Sunset behind Choctaw burial mound

Rhiannon Mayne, PhD

2022 Seed Grant Awardee

Project Description

Native Meteorites (NaMe)

General info about the Native meteorites project. Primarily decorative.

Meteorites lend themselves well to place-based education, which connects student learning to their surroundings. Establishing learning as personally relevant increased engagement and strengthens ties within the local and global community. The meteorite story can serve as the foundation for understanding the entire history of the meteorite, including its formation, thus a concrete example of cultural relevance in planetary science and STEM.

NaMe will develop free-choice STEM resources, including a website, that focuses on meteorites found on the lands of the three Oklahoma Native American nations participating in Native Earth | Native Sky. In addition, NaMe will produce supplemental resources for NENS that fit their developed curricula model and meet their culturally-relevant requirements.

Target Audience Age


NASA Division

Planetary division symbol


Grant Status


Learning Context

digital learning enabled

Digital Learning

Home and family enabled

Neighborhood /

Informal out of school disabled

Informal /
Out of School

Home and Families disabled

Home / Family

citizen science disabled

Citizen Science

formal education enabled

Formal Education


Rhiannon bio photo

I hope that NaMe may serve as an example of how NASA and the planetary science community can develop new partnerships with communities that are underrepresented in STEM and provide a process by which other collections throughout North American can do similar work.

Rhiannon Mayne NaMe PI

Rhiannon Mayne

Chair of Meteoritics and Planetary Science
Curator - Oscar Monnig Meteorite Collection and Gallery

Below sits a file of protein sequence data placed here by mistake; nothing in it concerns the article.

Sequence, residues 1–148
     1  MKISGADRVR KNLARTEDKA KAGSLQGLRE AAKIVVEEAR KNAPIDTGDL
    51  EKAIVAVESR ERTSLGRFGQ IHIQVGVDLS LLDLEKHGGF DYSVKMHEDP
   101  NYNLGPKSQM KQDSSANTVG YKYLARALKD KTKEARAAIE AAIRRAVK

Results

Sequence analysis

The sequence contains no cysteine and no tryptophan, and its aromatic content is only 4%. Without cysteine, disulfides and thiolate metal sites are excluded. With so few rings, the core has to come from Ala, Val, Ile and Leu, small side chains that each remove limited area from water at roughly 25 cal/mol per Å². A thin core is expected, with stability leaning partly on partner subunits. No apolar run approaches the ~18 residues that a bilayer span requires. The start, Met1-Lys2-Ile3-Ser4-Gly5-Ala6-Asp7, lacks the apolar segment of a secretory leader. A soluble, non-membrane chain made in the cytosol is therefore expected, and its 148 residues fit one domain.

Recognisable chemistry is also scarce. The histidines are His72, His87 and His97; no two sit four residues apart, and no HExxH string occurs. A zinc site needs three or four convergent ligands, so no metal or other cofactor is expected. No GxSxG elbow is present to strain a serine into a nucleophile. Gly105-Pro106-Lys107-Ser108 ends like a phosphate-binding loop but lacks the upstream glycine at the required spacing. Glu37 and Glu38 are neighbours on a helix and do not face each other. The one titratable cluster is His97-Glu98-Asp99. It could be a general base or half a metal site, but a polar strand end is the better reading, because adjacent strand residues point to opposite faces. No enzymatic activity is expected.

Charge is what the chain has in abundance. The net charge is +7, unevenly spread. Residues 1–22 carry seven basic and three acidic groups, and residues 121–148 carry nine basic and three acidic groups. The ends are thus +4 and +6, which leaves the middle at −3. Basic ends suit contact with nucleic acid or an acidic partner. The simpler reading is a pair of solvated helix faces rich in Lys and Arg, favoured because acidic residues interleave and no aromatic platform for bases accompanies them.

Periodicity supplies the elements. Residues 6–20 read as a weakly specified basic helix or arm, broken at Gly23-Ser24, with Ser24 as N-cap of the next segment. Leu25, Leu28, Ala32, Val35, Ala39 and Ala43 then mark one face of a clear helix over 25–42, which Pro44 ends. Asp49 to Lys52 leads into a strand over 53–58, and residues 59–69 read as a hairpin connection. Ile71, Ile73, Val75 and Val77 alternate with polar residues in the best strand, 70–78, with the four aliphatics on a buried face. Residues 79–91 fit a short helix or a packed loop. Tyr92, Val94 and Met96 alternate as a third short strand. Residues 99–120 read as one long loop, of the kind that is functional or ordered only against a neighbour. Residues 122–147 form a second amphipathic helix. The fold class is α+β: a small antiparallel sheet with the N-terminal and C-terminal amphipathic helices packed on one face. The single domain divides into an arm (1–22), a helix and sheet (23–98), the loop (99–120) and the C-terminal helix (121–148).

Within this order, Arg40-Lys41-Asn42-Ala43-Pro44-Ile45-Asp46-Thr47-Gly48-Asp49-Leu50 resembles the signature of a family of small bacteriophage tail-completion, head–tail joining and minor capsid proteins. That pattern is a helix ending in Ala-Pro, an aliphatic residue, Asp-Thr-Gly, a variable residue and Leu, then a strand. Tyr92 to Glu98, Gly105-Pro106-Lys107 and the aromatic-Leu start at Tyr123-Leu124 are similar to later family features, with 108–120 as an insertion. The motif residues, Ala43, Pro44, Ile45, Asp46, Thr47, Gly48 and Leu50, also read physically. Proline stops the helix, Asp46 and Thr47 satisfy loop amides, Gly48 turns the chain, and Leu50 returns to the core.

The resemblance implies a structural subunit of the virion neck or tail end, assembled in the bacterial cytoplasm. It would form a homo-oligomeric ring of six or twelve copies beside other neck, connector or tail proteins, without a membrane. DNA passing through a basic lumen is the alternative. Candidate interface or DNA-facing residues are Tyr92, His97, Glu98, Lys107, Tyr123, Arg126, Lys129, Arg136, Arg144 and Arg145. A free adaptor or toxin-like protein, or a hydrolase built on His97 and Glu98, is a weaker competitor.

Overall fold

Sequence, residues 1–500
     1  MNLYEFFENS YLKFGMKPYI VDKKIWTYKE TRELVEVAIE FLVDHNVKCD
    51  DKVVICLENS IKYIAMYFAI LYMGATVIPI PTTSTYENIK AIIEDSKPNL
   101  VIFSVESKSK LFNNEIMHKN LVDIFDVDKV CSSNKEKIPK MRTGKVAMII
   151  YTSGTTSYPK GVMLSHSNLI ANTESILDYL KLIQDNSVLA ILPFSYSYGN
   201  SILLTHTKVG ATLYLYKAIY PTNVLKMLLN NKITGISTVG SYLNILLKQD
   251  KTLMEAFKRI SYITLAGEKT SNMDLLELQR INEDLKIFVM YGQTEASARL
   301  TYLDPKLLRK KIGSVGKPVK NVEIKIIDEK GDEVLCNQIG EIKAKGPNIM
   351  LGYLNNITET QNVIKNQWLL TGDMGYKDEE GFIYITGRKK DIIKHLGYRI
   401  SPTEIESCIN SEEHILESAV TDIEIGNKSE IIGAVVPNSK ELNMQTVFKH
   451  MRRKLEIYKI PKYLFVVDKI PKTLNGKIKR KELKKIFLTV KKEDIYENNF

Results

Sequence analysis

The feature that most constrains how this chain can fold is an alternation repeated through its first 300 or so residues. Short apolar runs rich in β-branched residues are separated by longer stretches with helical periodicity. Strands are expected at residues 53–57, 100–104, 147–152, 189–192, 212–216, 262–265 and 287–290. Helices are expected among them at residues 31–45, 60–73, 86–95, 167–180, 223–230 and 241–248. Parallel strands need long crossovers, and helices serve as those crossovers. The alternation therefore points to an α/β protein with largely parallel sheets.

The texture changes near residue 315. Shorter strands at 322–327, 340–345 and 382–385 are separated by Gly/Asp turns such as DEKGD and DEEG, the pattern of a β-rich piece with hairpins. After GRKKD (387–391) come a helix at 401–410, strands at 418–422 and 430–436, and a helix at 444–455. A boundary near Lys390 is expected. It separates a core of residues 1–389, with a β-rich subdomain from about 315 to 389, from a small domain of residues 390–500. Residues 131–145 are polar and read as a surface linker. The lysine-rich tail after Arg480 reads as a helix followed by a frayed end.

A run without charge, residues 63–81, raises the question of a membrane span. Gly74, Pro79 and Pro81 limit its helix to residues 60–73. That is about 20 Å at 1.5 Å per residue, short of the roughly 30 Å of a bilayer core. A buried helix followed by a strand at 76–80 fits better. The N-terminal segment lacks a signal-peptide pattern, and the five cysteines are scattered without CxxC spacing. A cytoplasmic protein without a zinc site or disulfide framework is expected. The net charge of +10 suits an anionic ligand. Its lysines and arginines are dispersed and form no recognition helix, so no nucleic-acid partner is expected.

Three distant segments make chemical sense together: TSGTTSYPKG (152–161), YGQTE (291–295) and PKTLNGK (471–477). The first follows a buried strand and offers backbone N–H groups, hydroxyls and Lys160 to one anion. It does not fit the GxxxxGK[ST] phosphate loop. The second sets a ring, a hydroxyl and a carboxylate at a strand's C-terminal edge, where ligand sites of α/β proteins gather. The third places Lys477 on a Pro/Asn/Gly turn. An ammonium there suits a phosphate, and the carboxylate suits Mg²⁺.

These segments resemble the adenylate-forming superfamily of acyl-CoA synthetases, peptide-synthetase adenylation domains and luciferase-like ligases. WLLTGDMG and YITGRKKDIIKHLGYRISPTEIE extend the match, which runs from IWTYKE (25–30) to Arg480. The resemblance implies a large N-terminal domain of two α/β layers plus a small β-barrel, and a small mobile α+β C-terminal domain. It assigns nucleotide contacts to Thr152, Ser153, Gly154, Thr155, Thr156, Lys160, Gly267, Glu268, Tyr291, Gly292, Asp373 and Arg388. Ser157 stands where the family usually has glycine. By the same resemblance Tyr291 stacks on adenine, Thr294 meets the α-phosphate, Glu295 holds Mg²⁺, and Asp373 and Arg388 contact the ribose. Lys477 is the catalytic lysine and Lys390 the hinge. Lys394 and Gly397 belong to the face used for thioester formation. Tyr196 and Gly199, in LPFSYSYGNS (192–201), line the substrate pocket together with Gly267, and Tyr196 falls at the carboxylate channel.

I am the Curator of the Oscar E. Monnig Meteorite Collection. This is one of the world’s largest university-based meteorite collections, which also includes a world-class museum, the Monnig Meteorite Gallery. Its presence at TCU offers both my undergraduate and graduate students unique opportunities in research, curation, and public outreach. I have been a Research Associate at the Smithsonian Institution’s National Museum of Natural History (NMNH) for much of time here at TCU. In 2010, I was a member of the Antarctic Search for Meteorites field team, spending 2 months in Antarctica collecting meteorites whilst trying to stay warm.

My research explores the processes that occurred during the early history of our Solar System, with a primary focus on understanding the formation of differentiated bodies (those with a core, mantle, crust structure). My students and I primarily study the mineralogy, geochemistry, and spectra of asteroidal meteorites to gather information about planetary formation and Solar System evolution.

SciAct Team

Native Earth Native Sky logo

Native Earth | Native Sky Description

The Native Earth | Native Sky (NENS) program aims to increase the understanding of and interest in science, technology, engineering and mathematics (STEM) fields for middle school students in the Cherokee, Choctaw and Chickasaw Nations by developing holistic curriculum that interweaves Native American stories and language with STEM principles. Lessons will be combined with art, culture and social studies to celebrate each nation's unique heritage.

Kat Bio photo

I am excited about working with Dr. Mayne because of her breadth of knowledge about meteorites and her work curating the meteorite collection. Dr. Mayne and the collection open Native Earth | Native Sky to knowledge and opportunities that would not previously have been available to us."

Kat Gardner-Vandy NENS PI